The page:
Football's most famous freestyler Jeremy Lynch has revealed "there’s not much that doesn’t get said" to him by trolls.
As one half of Youtube duo The F2 which has 12 million subscribers, Jeremy believes it is impossible to live in the public eye without being targeted by keyboard warriors.
Since starring on Britain's Got Talent in 2008, Jeremy, 32, has had to face a constant stream of insults thrown his way but accepts it is all part of the parcel of fame in the digital age.
The Soccer Aid star who has millions of his own followers across social media said: "I’m in the public eye so anyone in the public eye, it’s kind of a part of the world we live in that kind of comes with the territory.
"People feel like its ok to troll and to comment highly negative things and be highly critical of anyone in the public eye it’s something which is not ok.
"It’s not right on any level but it is a part of the world we live in and in the position that I’m in it’s obviously something that I encounter just like anyone else in this position."
Jeremy has partnered with Cartoon Network UK to support its national anti-bullying initiative CN BUDDY NETWORK, supported by the NSPCC’s Childline Service.
The campaign is urging children to become a buddy, not a bully if they spot someone potentially being picked on in person or online.
The key to dealing with streams of online abuse he says is to talk about it if it ever gets him down, something echoed by Cartoon Network UK's new anti-bullying initiative.
He said: "The tips of the campaign that we’re pushing is, for anyone who might be experiencing bullying is to not suffer in silence.
"Speak to someone if you can, a trusted figure whether that’s a teacher, or parent, or maybe a family member or if you don’t feel like you have anyone to speak to then there’s always Childline.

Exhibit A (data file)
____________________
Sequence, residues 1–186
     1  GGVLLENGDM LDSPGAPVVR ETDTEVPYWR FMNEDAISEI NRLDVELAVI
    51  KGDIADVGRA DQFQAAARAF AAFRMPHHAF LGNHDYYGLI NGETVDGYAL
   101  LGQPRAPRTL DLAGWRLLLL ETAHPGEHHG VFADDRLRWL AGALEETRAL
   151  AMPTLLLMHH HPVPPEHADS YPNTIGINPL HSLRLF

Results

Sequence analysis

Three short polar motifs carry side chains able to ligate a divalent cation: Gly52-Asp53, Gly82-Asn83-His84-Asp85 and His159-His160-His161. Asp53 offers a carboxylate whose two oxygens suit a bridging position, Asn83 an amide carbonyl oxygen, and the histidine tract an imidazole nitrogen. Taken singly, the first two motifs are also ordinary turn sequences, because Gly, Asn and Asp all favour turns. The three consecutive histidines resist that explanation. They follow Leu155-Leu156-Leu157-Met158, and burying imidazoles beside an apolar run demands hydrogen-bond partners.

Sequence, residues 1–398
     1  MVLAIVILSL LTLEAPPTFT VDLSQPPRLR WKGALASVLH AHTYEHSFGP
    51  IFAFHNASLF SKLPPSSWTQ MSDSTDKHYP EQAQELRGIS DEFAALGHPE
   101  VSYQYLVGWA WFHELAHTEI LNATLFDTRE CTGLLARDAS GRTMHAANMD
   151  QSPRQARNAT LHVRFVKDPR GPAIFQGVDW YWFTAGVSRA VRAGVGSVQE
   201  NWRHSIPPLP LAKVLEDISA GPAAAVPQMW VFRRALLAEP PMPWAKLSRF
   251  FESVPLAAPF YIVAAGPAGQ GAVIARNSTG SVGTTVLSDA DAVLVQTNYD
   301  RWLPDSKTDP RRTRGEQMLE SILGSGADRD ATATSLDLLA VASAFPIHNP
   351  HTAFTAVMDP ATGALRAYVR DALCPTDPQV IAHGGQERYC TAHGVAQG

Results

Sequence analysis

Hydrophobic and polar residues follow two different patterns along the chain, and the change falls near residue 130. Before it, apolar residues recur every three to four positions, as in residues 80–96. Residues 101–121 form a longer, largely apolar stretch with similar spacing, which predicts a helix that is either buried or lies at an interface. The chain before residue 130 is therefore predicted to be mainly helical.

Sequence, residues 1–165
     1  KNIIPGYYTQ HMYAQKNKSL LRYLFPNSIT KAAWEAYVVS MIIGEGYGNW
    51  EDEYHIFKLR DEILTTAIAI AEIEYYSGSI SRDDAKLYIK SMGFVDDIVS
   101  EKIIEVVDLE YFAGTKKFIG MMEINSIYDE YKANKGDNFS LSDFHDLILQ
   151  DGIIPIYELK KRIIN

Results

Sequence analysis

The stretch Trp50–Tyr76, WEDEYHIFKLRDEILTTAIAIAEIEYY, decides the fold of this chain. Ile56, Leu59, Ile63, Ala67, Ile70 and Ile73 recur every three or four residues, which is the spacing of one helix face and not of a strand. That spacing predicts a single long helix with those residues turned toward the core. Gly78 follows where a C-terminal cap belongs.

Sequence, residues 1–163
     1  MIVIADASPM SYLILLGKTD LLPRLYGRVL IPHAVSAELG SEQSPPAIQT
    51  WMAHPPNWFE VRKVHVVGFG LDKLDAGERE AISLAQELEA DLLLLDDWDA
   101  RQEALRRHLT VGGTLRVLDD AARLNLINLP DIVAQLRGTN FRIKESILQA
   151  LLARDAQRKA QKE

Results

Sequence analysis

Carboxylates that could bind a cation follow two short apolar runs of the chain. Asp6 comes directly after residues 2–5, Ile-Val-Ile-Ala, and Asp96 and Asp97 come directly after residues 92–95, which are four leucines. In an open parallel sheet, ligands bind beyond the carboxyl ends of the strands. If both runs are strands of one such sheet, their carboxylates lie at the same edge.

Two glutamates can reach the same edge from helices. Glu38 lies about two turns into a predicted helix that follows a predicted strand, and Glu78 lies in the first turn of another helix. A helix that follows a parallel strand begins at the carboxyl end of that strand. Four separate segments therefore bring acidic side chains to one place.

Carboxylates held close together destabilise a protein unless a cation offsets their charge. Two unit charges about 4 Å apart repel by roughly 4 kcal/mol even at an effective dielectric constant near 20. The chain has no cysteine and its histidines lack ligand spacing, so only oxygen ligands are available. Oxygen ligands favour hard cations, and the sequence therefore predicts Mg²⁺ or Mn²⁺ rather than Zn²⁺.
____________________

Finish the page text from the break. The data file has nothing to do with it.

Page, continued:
"You know I’m no different, if there’s something I feel I want to talk about I’m fortunate to have friends, family, my missus who are always there for me to talk to about anything and vice versa I’m there for them to be a support for each other as it should be.
"Over the years it will be the same for most people in the public eye, there’s not much that doesn’t get said," Jeremy continued.
"You know there are trolls all over the world, everywhere and a lot of them are very active and they will say all sorts it’s mostly positive and that’s what we always focus on.
"People say all sorts, I’ve had people say loads of things to me, horrible things but equally I’ve had people send me so much love and say so many nice things.
"I guess the key is and I think it was Anthony Joshua who I heard say this and he’s spot on with that, ‘not to let praise get to your head and not to let criticism get to your heart’.
"Something like that and it’s absolutely true, not to get too overly lifted by praise and not to be too down trodden by criticism"
Children affected by bullying - whether directly or indirectly - can visit Cartoonnetwork.co.uk/beabuddy and Childline for more information, resources, professional advice and tips. Children can also call Childline to speak to a trained counsellor on 0800 1111.